RP-Sanjiv Goenka’s flagship company, CESC Ltd, which saw its total income grow by nearly 9 per cent on y-o-y basis in 2022-23, is expecting “even better growth” in 2023-24 on the back of growth in economy and rising demand for electricity.

The company’s system demand grew at close to five per cent in 2022-23 with electricity demand surpassing pre-Covid levels of 11, 024 MU in 2019-20.

CESC’s total income (including other income) on a standalone basis grew by 9 per cent at ₹8,153 crore in 2022-23, up from ₹7,479 crore in 2021-22, even as electricity tariffs remained unchanged during the year. Operating and other costs increased during the year, in part due to high fuel and power purchase costs.

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“Policy initiatives by the government such as focus on manufacturing, electric vehicles and universal electricity access should contribute to growth in demand for electricity. Proposed deregulation of the power sector, including de-licensing of distribution, will open-up further opportunities for efficient power utilities. This should augur well for CESC, which has sufficient expertise in both power generation and in operating distribution networks across the country,” the company said in its latest annual report (2023).

Electricity demand in India increased by over 130 billion units (BU) registering around 10 per cent growth from 1,380 BU in 2021-22 to 1,512 BU in 2022-23. Not only does it come after a high (8 per cent) growth in 2021-22, the recent performance also surpasses growth in the last few years before Covid, it said. Most of this demand was met by the system, with a shortfall limited to 7.6 BU or about 0.5 per cent of the total demand in 2022-23.

Surge in digital payments

The company is an integrated power utility engaged in the generation and distribution of electricity across 567 sqkm of its licensed area including Kolkata, Howrah, Hooghly, North and South 24 Parganas in West Bengal supplying electricity to its 3.5 million customers. The company, through its subsidiaries, also has a portfolio of independent power generation projects and distribution ventures in other parts of the country.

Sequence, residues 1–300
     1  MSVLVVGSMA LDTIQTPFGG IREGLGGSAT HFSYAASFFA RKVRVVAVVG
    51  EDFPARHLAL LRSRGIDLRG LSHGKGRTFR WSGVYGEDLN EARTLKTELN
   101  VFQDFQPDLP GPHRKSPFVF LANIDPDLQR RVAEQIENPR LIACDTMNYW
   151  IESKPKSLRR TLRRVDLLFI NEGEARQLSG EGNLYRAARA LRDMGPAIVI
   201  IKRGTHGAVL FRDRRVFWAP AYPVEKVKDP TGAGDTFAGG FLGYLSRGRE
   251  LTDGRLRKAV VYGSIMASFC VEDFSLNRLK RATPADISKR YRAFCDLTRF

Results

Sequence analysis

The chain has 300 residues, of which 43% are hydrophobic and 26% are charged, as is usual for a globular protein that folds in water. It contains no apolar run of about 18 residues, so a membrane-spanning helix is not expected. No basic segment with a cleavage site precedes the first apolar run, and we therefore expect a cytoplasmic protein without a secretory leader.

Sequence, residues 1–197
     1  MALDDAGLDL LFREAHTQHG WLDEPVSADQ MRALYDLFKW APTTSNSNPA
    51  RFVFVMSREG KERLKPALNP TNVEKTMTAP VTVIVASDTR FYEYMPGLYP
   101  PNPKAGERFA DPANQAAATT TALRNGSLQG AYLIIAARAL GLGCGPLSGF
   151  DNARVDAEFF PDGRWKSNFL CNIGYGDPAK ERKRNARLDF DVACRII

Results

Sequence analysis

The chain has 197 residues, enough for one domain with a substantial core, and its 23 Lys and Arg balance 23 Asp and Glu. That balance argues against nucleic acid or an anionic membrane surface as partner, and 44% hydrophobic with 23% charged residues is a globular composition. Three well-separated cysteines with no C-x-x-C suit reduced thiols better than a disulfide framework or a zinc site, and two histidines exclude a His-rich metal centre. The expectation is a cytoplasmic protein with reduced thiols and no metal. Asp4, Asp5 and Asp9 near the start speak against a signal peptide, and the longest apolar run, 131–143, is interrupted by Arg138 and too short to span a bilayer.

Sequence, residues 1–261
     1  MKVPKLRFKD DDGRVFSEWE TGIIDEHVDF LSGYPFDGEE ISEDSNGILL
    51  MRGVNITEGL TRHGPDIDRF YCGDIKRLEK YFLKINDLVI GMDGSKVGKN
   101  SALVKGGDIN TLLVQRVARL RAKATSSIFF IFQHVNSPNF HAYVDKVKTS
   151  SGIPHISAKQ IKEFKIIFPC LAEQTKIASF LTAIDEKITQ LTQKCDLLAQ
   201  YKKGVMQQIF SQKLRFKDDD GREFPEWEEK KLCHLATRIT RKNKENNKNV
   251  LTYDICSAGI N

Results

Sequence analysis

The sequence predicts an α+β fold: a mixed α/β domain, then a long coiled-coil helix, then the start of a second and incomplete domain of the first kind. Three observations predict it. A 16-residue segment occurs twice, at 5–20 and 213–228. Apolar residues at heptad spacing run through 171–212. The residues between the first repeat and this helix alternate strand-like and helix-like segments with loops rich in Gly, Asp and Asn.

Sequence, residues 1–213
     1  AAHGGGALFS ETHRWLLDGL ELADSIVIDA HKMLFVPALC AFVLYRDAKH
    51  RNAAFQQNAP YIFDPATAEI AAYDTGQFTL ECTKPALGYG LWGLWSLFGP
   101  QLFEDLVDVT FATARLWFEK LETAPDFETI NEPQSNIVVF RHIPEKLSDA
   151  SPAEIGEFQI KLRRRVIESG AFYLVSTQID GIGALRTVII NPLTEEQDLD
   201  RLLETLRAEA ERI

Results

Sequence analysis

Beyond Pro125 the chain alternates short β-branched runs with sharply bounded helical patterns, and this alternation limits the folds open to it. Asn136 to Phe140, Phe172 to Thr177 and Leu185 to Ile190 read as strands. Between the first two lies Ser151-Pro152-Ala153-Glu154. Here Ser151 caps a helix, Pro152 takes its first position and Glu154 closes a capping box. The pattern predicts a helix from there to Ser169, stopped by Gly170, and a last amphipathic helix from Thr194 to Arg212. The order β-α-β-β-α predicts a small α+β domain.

The peak power demand increased by over 16 per cent to 2,339 MW and ttal energy requirement grew at around nine per cent to 11, 175 MU in 2022-23. Nearly 83 per cent of this was met by CESC’s own generation, including Haldia Energy Ltd, it said.

CESC provided over 1,06,101 new connections in 2022-23. The company has witnessed a surge in digital payments with nearly 75 per cent of consumers making payments online in 2022-23, which constituted almost 82 per cent of total revenues, Sanjiv Goenka, Chairman, CESC said in the report.

The company is executing special projects to upgrade its distribution network and enhance its long-term capacity. As a part of a longer-term plan to augment its capacity to import power, import points are being upgraded to 220kV to facilitate drawing of more power from external sources. This apart, smart meters have been implemented for remote billing, smart and proactive outage management systems.

CESC, the report said, “has adequate processes” in place to minimise disruptions and its impact on performance. Most of the company’s generation capacities have long-term power sale arrangements. It is also well placed to access state and national grids to sell surplus power and has been successful in adequate utilisation of its generation capacities. Further, to mitigate the coal related risk, CESC has adopted a strategy of ensuring long term coal linkages for its projects.